For the second year in a row, a flagship cryptography conference in Europe has devoted an entire session to blockchain technology.
It was a sign that cryptographers, who once struggled to take the cryptocurrency space seriously due to its hacks, frauds and often reckless approach to developing secure protocols, are now investing their time into the space.
The 37th annual Eurocrypt conference was held this year on April 30 to May 3, 2018, in Tel Aviv, Israel, at the Dan Panorama Hotel, steps from the Mediterranean ocean. Hosted by the International Association for Cryptologic Research (IACR), the conference was attended by 370 people. Five blockchain papers were presented on the second day of the conference, and one of those even received a “best paper” award.
On the third day of the conference, Matthew Green, a cryptographer and assistant professor at Johns Hopkins Information Security Institute, had the honor of presenting an invited talk on the 30-year history of cryptocurrencies.
Getting a paper accepted at Eurocrypt is no mean feat. Only one in five papers that are submitted get accepted after going through a months-long, peer-review process, where experts in the field scrutinize the work to determine its suitability for the conference.
Four blockchain papers were presented at this year’s blockchain session. Cornell Tech’s Rafael Pass presented Thunderella, a blockchain protocol focused on fast transactions. Following that, Vassilis Zikas, a senior lecturer at the University of Edinburgh and IOHK research fellow, looked at the core cryptographic assumptions underlying Bitcoin.
Shedding light on why the second paper was important, because Bitcoin did not come through traditional academic channels, cryptographers had no formal model of how the protocol worked, which they needed to build alternative consensus algorithms with comparable security properties. The work of Zikas and others is changing that.
Later, Peter Gazi, a researcher at blockchain development and research company IOHK, presented Ouroboros Praos, the next-generation, proof-of-stake algorithm for the Cardano blockchain. Finally, Joel Alwen, a researcher at the Institute of Science and Technology in Austria, presented an examination of ASIC-resistant, proof-of-work hashing algorithms.
Outside of the blockchain session, a fifth blockchain paper, Simple Proofs of Sequential Work won an award for best paper. The paper was presented by cryptographer Krzysztof Pietrzak. Bram Cohen, CEO of energy-saving cryptocurrency Chia, was a coauthor.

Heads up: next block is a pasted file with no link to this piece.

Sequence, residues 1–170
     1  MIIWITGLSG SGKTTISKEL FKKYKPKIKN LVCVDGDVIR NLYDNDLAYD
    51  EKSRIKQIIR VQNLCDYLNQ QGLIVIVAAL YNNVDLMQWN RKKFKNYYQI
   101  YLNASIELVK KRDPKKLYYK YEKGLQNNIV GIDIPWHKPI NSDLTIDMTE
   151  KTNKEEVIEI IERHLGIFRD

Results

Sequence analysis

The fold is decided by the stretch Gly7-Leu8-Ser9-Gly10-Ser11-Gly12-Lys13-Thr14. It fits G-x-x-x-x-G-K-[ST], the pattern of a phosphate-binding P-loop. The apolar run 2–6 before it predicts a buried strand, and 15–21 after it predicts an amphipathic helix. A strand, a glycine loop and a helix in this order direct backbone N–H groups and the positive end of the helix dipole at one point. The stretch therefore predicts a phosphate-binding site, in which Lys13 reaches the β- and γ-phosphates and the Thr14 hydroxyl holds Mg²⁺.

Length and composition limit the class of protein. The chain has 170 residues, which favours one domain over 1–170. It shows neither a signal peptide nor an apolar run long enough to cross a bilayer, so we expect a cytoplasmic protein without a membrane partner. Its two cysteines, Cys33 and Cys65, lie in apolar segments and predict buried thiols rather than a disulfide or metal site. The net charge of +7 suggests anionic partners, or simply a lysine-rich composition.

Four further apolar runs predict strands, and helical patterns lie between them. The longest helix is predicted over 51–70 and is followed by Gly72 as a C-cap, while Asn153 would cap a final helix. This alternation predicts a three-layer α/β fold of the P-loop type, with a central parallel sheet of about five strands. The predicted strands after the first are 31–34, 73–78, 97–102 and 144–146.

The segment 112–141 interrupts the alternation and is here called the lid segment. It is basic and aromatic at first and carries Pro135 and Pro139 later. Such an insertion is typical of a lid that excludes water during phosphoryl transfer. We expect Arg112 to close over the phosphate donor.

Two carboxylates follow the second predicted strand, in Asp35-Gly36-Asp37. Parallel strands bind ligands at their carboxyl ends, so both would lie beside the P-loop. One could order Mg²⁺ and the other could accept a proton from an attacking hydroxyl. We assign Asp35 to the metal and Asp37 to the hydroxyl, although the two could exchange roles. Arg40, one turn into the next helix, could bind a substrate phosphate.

The IACR has an interesting history. The nonprofit was initiated in 1982 by David Chaum, who later founded DigiCash, a company that specialized in digital money and payment systems. Cryptographers at the time wanted to form their own organization for meetings and research outside of established ones for mathematics and computer science. Today, the IACR is responsible for eight conferences, including three flagship cryptography conferences: Eurocrypt in Europe, Crypto in the U.S. and Asiacrypt in Asia.
Peer review is a big part of these conferences. Papers are submitted in a double-blind process where the author’s names are removed from the paper, and the reviewers do not reveal their identities to the authors. The point of peer review is to ensure only the best papers get into a conference. Beyond that, peer review also strengthens the security of a protocol because the more eyes that examine a protocol, the more likely it is that flaws will be found — and fixed — before a protocol is made widely available.
Blockchain technology has deep roots in cryptography. Bitcoin, for instance, is founded on the early discoveries of pioneering cryptographers like Chaum (DigiCash), Ralph Merkle (hash trees), Wei Dai (b-money scheme) and others. Despite that, somewhere along the line, blockchain parted ways with its academic roots. As a result, few papers in the blockchain space today have gone through any formal peer review process.
But that may be changing. More blockchain and cryptocurrency papers appearing at flagship IACR conferences is an indication that blockchain technology is returning home to its academic roots and future blockchain protocols will be more robust and secure.